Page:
The figure below comes from a study where a group of guys with a similar build, age, and training history lifted weights for 12 weeks [1, 2]. It shows the average gains in lean body mass (a reasonable proxy for muscle mass) in both the high and low responders to resistance training.
When the researchers looked at the results of the men who built the most muscle and those who built the least muscle, they found roughly four times greater gains in muscle in the fast versus the slow responders.
To put it another way, you and a friend of a similar build could follow exactly the same training program and diet for the next six months.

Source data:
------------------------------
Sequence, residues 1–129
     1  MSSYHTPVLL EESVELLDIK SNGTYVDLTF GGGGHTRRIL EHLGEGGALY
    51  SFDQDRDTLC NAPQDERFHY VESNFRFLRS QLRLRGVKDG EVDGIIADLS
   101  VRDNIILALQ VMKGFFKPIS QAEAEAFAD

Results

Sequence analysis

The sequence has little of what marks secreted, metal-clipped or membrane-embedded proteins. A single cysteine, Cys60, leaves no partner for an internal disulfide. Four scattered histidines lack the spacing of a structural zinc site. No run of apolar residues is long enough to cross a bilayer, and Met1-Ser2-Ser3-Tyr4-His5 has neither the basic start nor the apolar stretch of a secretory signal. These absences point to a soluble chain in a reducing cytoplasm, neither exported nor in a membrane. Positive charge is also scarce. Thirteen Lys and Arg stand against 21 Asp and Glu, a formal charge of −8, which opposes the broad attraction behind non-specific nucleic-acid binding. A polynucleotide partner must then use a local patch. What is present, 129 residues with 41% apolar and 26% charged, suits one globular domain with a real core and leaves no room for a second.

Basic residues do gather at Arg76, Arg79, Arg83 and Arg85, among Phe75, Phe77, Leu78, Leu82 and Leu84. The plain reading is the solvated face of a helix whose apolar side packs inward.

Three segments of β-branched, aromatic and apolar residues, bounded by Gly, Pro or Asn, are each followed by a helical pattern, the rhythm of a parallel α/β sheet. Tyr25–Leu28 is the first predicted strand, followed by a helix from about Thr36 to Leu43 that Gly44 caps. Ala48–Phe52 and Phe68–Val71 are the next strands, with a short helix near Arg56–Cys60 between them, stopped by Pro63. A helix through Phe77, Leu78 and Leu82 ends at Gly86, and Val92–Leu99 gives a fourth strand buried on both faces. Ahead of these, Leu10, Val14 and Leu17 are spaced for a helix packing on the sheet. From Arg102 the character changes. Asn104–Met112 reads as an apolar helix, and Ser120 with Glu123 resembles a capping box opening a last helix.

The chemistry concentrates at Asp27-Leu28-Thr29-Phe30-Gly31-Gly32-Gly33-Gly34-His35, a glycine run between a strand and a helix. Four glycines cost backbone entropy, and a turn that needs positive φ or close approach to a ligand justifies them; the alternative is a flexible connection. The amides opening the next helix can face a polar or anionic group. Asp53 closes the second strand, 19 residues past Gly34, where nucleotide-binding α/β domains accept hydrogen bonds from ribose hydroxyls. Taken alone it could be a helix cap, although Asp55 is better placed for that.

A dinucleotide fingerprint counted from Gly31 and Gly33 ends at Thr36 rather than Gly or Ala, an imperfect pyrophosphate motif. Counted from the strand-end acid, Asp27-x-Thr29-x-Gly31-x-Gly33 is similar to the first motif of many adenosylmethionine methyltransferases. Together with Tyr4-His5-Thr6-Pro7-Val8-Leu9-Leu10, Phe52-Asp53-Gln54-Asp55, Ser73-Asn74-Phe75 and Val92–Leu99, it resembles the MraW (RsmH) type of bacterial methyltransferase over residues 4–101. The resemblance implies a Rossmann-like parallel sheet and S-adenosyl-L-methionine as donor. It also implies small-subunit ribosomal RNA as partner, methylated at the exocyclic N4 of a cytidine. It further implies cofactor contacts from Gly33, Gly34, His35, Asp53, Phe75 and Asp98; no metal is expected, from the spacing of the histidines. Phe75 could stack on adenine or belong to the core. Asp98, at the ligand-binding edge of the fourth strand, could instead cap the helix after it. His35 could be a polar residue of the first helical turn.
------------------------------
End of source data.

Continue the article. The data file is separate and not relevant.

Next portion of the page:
But individual variations in the rate of muscular growth mean that he might end up gaining twice as much muscle as you do.
Research also shows a wide range of strength gains even in people following identical training programs .
Subjects were grouped into fast (those who made greater than 20% strength gains), medium (10-19% gains) and slow responders (less than 10% gains).
There was an average increase in strength of 29% for fast responders, 14% for medium responders and 3% for the slow responders.
In other words, some people respond extremely well to strength training. Some will get “good but not great” results. Others will respond a lot more slowly.
How Long Does It Take to Lose Fat?
How long it takes to lose fat depends largely on the amount of fat you have to lose in the first place.
Someone who is very fat (think your typical Biggest Loser contestant) will be able to lose fat very quickly when they start dieting – several pounds of fat per week in some cases.